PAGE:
Beach House, “7”

Beach House

For years, Beach House’s reputation of reliability has been etched in stone. Each successive album has adhered to the striking dream pop of their 2006 debut, but they always seem eager to spike it with fresh nuances, never slipping into complacency (though their previous effort, the still-strong Thank Your Lucky Stars, may have come closest). Their latest record, 7, is their most definitive break yet from the preconceptions of what Beach House should sound like. The departures aren’t jarring—but these songs are also just a bit thornier, a little tougher to wrap your arms around.

Sonic Boom contributed production for the album, the first Beach House release in eight years to be recorded without producer Chris Coady. Additionally, James Barone (who became the band’s touring drummer in 2016) plays throughout. Much of 7 continues Depression Cherry’s overtures to shoegaze, with fuzzy, warm production blanketing Victoria Legrand’s otherworldly vocals. This has always been an element of the group’s style, but it’s amped up considerably here, lending the record an expansive, almost oceanic aura.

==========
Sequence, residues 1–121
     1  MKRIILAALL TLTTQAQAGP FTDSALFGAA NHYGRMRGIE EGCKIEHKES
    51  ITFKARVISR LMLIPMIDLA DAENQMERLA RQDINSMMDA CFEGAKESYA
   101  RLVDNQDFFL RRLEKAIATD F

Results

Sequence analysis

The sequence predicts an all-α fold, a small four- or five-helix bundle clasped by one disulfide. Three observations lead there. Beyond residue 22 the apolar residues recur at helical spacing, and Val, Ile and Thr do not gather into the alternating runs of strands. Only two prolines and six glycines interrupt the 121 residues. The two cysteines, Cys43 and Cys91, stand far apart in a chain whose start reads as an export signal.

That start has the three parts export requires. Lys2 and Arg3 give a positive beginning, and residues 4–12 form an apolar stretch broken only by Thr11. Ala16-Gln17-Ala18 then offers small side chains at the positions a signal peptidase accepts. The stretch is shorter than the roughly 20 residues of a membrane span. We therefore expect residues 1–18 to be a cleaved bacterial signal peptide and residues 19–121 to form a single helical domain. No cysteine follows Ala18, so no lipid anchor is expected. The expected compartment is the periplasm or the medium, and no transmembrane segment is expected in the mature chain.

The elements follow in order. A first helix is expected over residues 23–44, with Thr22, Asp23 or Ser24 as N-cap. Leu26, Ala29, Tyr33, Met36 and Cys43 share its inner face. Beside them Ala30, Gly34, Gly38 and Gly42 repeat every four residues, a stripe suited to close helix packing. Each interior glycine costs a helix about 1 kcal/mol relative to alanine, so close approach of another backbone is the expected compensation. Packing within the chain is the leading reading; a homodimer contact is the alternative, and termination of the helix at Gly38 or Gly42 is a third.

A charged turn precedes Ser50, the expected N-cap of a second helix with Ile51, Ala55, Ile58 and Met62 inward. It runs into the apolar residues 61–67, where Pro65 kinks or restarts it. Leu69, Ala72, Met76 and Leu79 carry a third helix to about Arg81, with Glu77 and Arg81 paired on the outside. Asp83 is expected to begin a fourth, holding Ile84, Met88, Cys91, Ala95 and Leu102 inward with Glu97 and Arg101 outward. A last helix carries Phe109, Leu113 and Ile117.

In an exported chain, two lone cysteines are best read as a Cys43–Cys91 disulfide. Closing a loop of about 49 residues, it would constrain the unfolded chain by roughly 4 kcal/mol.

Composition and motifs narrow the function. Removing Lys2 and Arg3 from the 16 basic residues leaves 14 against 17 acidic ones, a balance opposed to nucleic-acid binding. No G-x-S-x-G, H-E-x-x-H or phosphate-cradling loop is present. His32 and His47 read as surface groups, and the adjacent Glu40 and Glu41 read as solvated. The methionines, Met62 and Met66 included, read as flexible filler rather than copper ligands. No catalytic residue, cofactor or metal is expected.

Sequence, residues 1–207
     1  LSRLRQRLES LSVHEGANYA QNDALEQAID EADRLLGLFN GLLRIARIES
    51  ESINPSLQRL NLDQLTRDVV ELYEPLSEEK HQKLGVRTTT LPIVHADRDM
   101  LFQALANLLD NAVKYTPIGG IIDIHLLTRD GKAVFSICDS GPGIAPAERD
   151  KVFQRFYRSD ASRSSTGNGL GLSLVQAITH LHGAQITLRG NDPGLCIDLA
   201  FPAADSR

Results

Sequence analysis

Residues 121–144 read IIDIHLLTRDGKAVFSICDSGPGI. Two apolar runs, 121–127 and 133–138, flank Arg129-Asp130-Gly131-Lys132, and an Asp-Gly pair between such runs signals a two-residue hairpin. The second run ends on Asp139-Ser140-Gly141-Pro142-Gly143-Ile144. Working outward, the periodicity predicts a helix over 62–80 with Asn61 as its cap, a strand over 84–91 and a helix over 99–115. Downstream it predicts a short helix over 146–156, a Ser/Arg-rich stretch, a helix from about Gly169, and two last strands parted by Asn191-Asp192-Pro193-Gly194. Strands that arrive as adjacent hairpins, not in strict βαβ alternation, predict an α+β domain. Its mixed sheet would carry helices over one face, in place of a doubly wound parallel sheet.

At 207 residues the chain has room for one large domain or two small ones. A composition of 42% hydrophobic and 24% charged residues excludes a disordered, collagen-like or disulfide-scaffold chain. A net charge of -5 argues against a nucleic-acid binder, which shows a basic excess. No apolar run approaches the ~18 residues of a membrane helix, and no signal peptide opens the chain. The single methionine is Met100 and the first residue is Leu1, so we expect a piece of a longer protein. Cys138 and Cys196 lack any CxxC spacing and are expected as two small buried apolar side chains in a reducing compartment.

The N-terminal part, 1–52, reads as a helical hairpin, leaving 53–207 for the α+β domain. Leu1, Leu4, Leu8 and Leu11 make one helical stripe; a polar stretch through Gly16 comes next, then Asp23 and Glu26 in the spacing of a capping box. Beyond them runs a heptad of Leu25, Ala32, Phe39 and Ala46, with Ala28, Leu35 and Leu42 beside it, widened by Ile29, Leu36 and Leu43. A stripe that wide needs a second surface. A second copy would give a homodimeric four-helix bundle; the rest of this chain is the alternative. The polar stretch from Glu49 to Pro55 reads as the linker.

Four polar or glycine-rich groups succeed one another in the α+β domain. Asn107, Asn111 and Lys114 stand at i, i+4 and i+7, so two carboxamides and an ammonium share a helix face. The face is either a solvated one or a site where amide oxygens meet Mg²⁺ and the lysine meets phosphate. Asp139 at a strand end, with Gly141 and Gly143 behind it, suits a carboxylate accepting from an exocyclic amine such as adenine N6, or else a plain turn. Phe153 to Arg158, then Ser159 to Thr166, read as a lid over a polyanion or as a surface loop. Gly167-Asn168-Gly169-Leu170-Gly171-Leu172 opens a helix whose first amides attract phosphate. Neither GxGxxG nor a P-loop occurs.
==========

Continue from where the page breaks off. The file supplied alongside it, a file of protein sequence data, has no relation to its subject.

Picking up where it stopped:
What 7 has that their other albums wielded only sparingly is an itchy sense of creative restlessness. The vibrant, propulsive synths that serve as the spine of “Lemon Glow” lend it an enchanting, ominous energy unlike anything else in the band’s repertoire. The first half of “Dive” has that gorgeous, drifting grazing quality that the band could conjure in their sleep, but then suddenly snaps out of its languor and evolves into something far more urgent—driving and cathartic. The woozy drone of “Black Car” is casually unnerving, the sort of thing that doesn’t really leave a mark initially, but finds ways to get under your skin in time.

There are still plenty of moments that feel like vintage Beach House. “Pay No Mind” was recorded recently, but teenagers have been making out to it in dark basements for decades. “Woo,” featuring a pop hook as unshakeable as anything from 2010’s Teen Dream, is an unrepentant earworm. The ending suite of songs mines a familiarity much of the album has been brushing off, but it feels less like a petering out and more like a measured, organic comedown.

With 7, Beach House has done nothing to disturb their status as one of indie rock’s most consistent bands. They’ve done a whole lot, though, to demonstrate a willingness to reimagine what it is that Beach House can be. 


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